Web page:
Archive for February 24, 2014

In the previous blog I used Michelangelo as an example of a genius who had an inherent understanding of the science that was used to create his art. His renderings in sculpture met the tests that might have otherwise been imposed and foretold by an architect designer, an engineer, a draftsman and a physicist.

If we move down the ladder one notch, we can see how a variety of different backgrounds, talents and preferences contribute to a person’s brilliance. We will leave the topic of genius and just focus on brilliant people. We all know a few people who we regard as brilliant. There are many piano technicians who are brilliant. They do not always agree with other brilliant technicians, and this phenomenon interests me. If someone is more brilliant than me, why do they disagree with other people who are more brilliant than me? You would think they would all agree. Well, they probably all agree they are more brilliant than me! But if you get them talking about down bearing, you will find that they are each approaching the subject a little differently.

To be a genius technician, you would have to be like Michelangelo: a talented, artistic, architect, designer, engineer, draftsman, physicist kind of guy. Michelangelo had a lot of tools in his bag. Brilliant people do too, but not to the same degree as the everyday genius.  Following that logic, let’s expand the categorization of piano technicians by including just their second strongest skill.

For purposes of this examination, let’s assume that all piano technicians are primarily craftsmen. They like to build things and they are good with tools. They have a natural mechanical inclination. But they each have one secondary skill that influences how they use their primary skill.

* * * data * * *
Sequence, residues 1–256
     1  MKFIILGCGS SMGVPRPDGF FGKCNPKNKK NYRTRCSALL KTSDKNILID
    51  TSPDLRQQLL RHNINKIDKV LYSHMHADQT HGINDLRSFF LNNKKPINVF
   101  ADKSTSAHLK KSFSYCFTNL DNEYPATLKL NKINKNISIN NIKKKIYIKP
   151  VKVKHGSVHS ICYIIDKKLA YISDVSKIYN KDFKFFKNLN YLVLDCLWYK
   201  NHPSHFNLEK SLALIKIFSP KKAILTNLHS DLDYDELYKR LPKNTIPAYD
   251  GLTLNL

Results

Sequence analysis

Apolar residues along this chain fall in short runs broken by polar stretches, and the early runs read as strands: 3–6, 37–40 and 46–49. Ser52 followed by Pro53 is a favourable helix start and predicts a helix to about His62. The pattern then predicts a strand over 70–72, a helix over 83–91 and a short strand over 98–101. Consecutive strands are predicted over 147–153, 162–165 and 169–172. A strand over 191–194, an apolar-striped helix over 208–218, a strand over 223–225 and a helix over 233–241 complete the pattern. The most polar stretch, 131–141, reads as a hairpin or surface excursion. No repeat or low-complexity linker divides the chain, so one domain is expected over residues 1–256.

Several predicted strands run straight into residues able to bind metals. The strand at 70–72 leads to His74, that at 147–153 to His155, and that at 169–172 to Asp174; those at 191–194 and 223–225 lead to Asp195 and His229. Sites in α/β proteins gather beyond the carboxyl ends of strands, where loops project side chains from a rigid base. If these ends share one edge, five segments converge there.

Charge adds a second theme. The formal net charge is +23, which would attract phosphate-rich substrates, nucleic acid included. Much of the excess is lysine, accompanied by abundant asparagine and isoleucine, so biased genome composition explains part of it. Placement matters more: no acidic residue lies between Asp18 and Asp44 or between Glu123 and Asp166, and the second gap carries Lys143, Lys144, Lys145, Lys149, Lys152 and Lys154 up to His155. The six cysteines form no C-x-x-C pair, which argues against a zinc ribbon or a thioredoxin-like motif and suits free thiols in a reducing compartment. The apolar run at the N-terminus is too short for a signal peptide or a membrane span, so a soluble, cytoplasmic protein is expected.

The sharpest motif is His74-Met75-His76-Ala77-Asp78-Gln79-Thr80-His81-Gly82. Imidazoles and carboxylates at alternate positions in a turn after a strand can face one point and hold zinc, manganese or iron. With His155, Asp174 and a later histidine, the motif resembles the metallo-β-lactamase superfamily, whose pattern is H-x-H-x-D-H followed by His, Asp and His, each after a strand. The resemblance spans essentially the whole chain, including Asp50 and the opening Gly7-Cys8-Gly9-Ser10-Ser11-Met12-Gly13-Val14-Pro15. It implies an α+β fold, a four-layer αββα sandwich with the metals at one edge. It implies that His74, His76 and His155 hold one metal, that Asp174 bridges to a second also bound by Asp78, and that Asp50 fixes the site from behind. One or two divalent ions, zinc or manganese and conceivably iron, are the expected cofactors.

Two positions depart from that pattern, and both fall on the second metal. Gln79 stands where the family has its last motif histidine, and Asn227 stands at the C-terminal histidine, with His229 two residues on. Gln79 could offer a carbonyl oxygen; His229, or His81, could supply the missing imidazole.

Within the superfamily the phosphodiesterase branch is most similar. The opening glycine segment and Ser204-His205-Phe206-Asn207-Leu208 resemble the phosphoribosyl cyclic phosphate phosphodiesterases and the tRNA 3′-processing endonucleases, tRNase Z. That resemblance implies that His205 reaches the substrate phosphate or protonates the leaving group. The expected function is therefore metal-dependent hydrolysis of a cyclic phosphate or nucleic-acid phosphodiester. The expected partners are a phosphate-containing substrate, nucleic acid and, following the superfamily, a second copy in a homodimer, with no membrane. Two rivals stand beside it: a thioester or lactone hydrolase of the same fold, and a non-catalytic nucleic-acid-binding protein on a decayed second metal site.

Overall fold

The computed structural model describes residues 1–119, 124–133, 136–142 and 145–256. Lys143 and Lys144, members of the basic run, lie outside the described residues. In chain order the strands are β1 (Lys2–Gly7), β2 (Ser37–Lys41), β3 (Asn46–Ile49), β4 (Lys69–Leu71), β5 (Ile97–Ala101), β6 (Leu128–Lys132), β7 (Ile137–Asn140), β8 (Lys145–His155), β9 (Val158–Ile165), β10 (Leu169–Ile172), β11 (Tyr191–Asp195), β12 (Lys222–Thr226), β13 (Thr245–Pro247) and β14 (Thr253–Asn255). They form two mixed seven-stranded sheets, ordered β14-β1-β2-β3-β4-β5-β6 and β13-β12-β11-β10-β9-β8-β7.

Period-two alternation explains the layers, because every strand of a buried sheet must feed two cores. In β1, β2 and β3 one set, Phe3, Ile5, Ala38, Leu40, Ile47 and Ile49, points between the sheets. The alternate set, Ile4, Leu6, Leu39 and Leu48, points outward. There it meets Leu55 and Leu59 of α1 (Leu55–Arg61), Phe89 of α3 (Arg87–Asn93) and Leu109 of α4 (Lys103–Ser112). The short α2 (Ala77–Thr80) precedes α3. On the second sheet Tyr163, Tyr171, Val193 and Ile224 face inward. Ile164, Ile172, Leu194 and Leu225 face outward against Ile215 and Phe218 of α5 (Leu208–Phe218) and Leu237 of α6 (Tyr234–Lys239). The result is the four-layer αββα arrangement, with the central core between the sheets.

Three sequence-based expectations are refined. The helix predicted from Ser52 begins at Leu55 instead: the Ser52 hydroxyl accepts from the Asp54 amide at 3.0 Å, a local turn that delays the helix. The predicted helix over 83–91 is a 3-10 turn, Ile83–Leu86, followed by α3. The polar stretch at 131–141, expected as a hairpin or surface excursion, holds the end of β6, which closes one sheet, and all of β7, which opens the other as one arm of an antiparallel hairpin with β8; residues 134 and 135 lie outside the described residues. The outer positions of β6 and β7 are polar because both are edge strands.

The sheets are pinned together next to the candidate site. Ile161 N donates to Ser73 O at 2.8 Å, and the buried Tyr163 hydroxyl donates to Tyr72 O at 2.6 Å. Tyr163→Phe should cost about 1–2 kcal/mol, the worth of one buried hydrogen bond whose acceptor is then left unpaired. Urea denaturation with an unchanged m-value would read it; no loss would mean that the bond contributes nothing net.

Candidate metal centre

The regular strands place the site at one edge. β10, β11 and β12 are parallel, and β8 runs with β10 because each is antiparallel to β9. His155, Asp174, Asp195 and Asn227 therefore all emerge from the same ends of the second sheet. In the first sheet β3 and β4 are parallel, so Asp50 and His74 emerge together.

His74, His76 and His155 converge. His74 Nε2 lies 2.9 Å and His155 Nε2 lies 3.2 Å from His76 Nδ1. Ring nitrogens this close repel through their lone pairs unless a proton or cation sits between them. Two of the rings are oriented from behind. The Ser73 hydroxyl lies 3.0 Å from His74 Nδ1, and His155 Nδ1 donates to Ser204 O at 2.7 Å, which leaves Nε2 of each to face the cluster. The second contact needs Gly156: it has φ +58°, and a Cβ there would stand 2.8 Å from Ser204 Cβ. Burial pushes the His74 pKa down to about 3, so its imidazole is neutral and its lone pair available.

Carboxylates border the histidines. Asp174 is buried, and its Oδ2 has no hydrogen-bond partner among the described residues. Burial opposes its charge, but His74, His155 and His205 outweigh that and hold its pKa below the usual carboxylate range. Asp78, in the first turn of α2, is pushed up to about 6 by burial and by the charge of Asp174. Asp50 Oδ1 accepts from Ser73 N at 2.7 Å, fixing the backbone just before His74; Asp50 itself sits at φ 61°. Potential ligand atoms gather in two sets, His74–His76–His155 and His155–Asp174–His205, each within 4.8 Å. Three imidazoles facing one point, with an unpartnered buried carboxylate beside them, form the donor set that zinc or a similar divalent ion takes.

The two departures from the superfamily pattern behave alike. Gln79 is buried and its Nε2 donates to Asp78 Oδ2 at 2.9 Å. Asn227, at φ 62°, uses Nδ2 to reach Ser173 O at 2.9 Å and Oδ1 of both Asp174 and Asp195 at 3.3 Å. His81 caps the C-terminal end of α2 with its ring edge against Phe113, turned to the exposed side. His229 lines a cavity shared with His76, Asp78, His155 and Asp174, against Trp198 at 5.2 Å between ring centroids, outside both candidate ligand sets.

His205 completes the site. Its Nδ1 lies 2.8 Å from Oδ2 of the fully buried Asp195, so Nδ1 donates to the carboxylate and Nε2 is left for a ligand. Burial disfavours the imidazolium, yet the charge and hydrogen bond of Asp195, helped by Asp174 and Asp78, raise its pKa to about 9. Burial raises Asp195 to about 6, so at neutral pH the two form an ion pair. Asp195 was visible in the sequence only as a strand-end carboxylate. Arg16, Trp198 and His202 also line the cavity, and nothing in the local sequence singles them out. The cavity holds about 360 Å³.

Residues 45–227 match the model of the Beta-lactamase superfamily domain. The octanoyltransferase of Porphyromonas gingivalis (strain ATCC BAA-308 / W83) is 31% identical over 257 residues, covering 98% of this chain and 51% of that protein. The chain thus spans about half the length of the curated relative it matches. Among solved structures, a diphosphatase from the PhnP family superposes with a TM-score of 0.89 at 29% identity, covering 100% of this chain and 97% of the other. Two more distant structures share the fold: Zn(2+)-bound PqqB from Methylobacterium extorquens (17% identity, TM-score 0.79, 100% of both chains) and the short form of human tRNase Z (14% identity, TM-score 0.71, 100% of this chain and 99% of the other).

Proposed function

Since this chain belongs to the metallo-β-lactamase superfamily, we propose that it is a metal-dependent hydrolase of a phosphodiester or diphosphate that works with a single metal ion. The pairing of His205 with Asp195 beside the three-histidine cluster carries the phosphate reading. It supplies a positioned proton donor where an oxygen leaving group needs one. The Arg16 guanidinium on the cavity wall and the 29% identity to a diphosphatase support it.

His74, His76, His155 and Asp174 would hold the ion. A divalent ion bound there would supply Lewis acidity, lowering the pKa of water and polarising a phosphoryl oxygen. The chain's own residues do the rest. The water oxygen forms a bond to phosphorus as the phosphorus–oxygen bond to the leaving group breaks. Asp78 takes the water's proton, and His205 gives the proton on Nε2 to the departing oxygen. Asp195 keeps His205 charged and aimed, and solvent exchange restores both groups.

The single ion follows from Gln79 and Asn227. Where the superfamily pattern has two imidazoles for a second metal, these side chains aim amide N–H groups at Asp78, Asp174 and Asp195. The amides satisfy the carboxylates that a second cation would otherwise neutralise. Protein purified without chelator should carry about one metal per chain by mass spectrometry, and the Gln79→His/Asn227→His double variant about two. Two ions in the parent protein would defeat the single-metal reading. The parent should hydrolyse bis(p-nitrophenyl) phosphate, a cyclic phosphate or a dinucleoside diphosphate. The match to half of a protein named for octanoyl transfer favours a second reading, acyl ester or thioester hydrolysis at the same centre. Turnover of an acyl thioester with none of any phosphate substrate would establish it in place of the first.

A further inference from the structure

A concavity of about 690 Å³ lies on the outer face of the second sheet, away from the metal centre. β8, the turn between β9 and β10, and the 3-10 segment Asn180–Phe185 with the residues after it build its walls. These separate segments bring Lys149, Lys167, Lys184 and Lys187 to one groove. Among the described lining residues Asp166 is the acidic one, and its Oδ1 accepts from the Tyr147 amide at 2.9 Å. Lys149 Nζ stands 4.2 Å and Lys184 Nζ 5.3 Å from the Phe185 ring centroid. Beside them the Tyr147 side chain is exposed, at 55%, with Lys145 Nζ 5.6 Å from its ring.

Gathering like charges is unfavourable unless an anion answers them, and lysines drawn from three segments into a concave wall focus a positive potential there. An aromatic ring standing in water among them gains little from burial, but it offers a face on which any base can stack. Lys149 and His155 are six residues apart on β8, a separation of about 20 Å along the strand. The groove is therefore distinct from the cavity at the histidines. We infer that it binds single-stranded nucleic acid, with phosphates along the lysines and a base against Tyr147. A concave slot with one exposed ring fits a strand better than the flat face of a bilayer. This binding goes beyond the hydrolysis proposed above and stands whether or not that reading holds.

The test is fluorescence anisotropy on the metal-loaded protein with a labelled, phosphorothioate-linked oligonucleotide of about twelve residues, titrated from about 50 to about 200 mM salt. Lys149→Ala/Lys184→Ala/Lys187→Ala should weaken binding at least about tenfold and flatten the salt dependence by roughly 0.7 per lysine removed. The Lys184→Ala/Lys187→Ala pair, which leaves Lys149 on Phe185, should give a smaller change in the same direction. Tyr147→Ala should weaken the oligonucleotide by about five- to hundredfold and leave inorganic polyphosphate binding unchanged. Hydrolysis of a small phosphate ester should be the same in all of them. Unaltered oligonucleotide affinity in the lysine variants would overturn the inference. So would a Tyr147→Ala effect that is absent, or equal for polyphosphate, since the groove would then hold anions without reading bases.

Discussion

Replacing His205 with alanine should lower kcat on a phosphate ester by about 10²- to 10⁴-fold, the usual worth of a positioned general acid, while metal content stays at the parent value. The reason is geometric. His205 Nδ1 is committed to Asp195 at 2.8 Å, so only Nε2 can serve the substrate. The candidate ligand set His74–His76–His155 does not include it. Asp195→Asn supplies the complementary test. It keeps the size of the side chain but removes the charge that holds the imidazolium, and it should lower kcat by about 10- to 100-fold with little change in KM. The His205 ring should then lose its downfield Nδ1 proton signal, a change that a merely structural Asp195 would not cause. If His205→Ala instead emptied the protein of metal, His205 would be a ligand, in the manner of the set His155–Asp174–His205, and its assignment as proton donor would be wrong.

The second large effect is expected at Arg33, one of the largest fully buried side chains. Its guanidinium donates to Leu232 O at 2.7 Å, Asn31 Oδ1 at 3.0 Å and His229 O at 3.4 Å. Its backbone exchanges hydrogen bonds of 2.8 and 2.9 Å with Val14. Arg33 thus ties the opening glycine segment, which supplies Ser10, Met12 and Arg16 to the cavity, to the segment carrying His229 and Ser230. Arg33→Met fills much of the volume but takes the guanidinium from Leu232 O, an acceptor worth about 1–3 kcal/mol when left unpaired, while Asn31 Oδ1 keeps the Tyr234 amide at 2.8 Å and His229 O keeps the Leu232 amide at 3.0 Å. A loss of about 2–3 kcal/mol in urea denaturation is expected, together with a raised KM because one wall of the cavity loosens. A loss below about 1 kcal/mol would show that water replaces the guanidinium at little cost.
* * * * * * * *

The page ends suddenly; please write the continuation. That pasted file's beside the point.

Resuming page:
Now let me assign the other skills, those possessed by Michelangelo, to the technicians. We arrive at four different types, based on the addition of their secondary skill.

Craftsman Architect

Craftsman Engineer

Craftsman Draftsman

Craftsman Physicist

In each of these classifications, the opinion of each craftsman would be strongly influenced by his secondary skill. The Craftsman Architect would be brilliant as he explained how the whole system of the piano wire, bridges and down bearing work together. The Craftsman Engineer would be able to talk about the ratios, angles, formulas and math behind everything that affected down bearing. The Craftsman Draftsman could draw a perfect blueprint of down bearing and all the relevant components. The Craftsman Physicist would be able to explain down bearing in terms of force, motion, and gravity.

Each brilliant craftsman relies on the knowledge gained from learning, as it was viewed through the lens of his stronger skills. If he had exemplary talents and perceptions in every area of expertise, then he would be a genius. But most of us aren’t genius level. We have a few tools, but we do not have all of the tools.

And because of that, our views of down bearing (and just about anything else) might be brilliant, but our ideas will probably be slightly different than the opinions of other brilliant people. In order to learn about down bearing then, we are going to have to combine the observations, findings and opinions of a variety of craftsmen.

So let me start that project. In the next blog I am going to write about what the Craftsman Architect thinks about down bearing.  I will follow in kind with the other three types. A summation might then reveal everything we need to know about down bearing. In fact, if we can borrow from the brilliant ideas of all four types, we may get a glimpse of something that resembles genius.

It’s worth a try.